During winter I try and fish with the longest leader I can; I also use the smallest hook I can get away with to make the bait react more naturally. Adjusting the sinker size to the related circumstances is also advisable. A general rule of thumb is to use a lighter sinker in the 1/4oz range in heavy cover, and a heavier weight up to 3/4oz on more barren areas.
The lighter sinker will reduce hangups and on the other hand the heavier model will assist in sensitivity and making pinpointing isolated structure more effective. Of late it has become popular to use tungsten weights for Carolina rigging. The heavier, more compact composite of the tungsten improves the sensitivity of rig to the angler. If used with the combination of fluorocarbon with experience you should be able to determine even subtle changes in bottom composition. Considering that bites are generally lighter during winter extra sensitivity does help in placing more fish in the live well. Personally I believe plastics with less action draw more strikes during cold water, with the only exception being the plastic lizard. Other Carolina winter favourites in my tackle box are fluke type baits, 4” senko’s and 4” finesse worms. Colours can be your same favourites as during warmer months.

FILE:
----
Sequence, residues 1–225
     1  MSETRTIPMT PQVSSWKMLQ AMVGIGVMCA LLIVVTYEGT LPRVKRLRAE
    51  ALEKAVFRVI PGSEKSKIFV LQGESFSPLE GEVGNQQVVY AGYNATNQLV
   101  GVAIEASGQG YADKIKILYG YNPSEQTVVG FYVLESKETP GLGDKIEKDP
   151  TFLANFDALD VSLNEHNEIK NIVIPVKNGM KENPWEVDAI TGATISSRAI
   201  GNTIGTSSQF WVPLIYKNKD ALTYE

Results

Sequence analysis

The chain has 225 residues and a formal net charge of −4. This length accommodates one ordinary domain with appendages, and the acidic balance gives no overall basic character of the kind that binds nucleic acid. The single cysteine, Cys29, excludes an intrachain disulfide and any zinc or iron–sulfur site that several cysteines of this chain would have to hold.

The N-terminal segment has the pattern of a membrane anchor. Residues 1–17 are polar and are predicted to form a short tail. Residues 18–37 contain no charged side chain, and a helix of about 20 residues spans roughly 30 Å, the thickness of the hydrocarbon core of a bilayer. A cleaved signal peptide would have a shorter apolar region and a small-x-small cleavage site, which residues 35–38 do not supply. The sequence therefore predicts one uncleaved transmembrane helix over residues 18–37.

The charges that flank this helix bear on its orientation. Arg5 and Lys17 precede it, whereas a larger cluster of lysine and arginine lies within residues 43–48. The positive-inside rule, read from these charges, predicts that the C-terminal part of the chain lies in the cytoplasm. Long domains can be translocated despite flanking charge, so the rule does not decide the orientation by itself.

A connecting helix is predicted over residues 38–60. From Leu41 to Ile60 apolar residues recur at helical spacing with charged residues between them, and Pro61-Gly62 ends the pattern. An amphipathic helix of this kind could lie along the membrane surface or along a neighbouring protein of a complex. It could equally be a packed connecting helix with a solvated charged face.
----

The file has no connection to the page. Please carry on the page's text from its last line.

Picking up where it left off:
This is an effective tool in “mopping up” a few more fish out of an area after locating fish and structure with the Carolina rig. My bait choices are the same as with the Carolina rig. Generally the W2 to W0 weight range work well depending on depth and structure type. Downsizing line will also get more bites, and 10lb fluorocarbon has served me well.
This old, often ignored technique can be deadly in the colder months. During winter bass can be very tight to cover and the Texas rig provides penetration into their hideouts. Yoyoing a Texas rigged plastic in offshore trees and brushpiles has caught me buckets full of bass in winter.
Of late jigs have made a very strong appearance on the SA bass tournament scene. They can be dragged like the Carolina rig or fished the same as a Texas rigged plastic. Football jigs in particular have become very popular tools in fooling winter bass, with the 1/2oz size being the most favourite choice. It is sensible to add a plastic trailer like a double tail grub or a chunk.
Shaky Head Worms
Fished on light line this is a finesse alternative to the Texas rig. It will draw strikes when other alternatives fail. The thin line can however cause trauma around heavy cover winter bass hangouts.